6. Dad wasn’t much of a reader. He left school at age nine and used to sit in a tree, smoking, and watching the others kids walk to class. The only thing I ever saw him read were those old school cowboy books in paperback. Yet he supported and encouraged me in any of my pursuits. Once, when some mad woman got me involved in a Sylvia Plath poetry reading, Dad drove himself and Mum into Greville Street to a tiny airless bookshop to listen while I stood, like a wanker, in front of a buch of poor sods, to read from The Bell Jar. My God! What a man.

And people ask me why I don’t have kids.

When writers write back

An amazing thing happened after writing about Jack Kerley’s book, The Death Collectors. I went onto his website out of interest (I am of course always fascinated by people who have successfully thrown off corporate life to become novelists) and left a comment and the lovely man sent me a really detailed response. Bet bloody Stephen King doesn’t do that!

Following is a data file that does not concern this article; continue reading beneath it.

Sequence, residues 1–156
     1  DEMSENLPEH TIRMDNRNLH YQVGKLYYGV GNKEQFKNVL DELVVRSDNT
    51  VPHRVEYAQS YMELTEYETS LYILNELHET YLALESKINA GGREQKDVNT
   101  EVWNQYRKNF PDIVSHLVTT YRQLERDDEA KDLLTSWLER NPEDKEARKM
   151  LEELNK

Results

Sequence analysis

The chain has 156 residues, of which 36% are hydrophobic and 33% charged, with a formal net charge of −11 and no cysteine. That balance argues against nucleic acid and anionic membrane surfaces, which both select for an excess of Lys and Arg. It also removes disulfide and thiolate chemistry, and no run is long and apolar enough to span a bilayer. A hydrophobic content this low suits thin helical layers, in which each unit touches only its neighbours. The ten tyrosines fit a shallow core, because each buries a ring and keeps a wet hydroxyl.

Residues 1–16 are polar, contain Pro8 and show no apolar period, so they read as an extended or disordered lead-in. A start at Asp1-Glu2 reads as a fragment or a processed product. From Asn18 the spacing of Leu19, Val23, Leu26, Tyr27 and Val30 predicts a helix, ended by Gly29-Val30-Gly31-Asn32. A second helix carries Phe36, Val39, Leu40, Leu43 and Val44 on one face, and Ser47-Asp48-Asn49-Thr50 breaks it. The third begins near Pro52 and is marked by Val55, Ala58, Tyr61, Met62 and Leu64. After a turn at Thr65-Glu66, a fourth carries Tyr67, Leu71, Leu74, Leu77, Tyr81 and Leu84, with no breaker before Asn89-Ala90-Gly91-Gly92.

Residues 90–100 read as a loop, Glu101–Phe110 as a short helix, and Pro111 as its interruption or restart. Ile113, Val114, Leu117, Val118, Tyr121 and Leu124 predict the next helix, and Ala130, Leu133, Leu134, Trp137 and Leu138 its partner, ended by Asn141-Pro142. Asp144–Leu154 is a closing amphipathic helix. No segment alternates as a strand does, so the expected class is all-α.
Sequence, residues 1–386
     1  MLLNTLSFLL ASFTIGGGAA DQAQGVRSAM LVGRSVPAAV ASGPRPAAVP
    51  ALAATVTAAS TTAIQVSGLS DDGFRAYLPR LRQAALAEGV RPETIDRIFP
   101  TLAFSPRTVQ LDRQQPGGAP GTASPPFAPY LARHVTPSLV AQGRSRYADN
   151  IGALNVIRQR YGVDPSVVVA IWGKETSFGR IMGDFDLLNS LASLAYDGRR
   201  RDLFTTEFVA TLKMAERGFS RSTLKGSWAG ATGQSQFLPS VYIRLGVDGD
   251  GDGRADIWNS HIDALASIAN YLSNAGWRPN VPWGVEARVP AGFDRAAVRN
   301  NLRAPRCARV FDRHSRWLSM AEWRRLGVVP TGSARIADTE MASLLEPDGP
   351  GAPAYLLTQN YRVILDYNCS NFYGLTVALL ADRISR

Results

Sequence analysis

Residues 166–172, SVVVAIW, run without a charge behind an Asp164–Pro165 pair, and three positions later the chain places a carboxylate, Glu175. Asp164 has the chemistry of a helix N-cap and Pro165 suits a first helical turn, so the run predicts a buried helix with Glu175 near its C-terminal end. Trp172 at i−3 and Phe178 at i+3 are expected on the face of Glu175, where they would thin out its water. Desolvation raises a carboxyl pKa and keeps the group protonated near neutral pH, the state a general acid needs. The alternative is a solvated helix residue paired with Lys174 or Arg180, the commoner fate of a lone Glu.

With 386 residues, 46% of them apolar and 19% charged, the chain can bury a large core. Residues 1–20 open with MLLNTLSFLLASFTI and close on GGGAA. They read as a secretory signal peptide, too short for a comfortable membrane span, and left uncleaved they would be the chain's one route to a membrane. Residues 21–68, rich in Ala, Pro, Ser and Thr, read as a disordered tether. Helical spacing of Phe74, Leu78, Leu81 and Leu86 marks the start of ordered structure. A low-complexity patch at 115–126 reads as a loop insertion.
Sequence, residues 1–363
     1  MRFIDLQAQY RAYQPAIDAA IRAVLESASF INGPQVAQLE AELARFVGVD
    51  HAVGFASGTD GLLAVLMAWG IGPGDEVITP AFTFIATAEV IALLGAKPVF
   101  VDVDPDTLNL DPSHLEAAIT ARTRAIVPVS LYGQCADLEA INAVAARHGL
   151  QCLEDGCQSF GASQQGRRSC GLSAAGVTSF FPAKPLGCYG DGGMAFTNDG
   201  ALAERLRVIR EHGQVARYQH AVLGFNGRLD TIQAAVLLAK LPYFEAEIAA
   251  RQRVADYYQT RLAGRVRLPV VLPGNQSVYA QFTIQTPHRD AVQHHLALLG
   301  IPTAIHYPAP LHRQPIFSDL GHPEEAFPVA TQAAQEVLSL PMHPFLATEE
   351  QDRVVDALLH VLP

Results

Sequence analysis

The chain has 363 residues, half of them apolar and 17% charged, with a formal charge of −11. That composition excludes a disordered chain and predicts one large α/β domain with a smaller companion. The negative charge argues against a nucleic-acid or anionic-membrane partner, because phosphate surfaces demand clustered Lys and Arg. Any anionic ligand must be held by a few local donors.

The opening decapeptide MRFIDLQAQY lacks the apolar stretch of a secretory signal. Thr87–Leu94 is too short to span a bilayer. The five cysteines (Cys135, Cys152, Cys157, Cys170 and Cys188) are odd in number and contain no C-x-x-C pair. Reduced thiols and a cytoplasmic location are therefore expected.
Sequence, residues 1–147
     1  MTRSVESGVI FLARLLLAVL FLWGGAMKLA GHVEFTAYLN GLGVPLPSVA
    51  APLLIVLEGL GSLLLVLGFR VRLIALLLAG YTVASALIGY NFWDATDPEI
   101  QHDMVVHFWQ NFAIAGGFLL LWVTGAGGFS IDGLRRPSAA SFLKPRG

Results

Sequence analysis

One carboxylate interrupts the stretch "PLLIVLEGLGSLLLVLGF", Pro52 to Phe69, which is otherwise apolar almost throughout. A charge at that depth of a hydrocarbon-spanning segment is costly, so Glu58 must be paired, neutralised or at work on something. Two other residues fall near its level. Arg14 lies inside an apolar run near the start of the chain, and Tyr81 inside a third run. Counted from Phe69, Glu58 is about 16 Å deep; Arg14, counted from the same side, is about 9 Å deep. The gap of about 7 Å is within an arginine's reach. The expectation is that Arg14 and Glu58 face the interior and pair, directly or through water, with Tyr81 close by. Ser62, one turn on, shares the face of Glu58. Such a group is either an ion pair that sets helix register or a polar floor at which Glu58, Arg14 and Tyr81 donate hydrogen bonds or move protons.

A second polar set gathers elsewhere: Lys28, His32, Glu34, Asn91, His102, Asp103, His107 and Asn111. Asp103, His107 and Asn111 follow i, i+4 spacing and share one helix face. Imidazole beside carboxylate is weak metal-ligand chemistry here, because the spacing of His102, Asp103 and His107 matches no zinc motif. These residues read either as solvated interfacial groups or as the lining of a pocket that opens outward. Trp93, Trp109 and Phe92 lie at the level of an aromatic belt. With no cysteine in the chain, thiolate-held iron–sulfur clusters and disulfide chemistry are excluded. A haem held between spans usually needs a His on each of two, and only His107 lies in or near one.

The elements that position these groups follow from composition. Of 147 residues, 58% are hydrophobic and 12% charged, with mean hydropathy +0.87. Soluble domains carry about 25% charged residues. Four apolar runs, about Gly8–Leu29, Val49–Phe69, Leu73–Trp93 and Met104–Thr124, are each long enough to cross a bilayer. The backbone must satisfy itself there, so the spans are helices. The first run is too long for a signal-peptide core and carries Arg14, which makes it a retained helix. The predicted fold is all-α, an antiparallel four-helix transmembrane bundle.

Here’s a little of what he said … “Although I never sold ice to Eskimos, I did write lyrics for singing hot dogs. I think that's in the same basic category. I've also freelanced … Years ago a fellow was a thousand bucks or so in debt to me (back when that was real money). I went to his office to hear his latest sob story, then glanced through the window at his fleet of snow-white service vehicles and mused how someone with a can of spray paint could find creative release in his parking lot. Got a check two days later. Never underestimate the power of malevolent musings.”

Now you see that’s not advice they dole out at journalism school! Naturally I am now reading his first novel, The Hundredth Man, alongside Peony in Love (about love, death and ghosts in 17th century China). I like to mix it up a bit.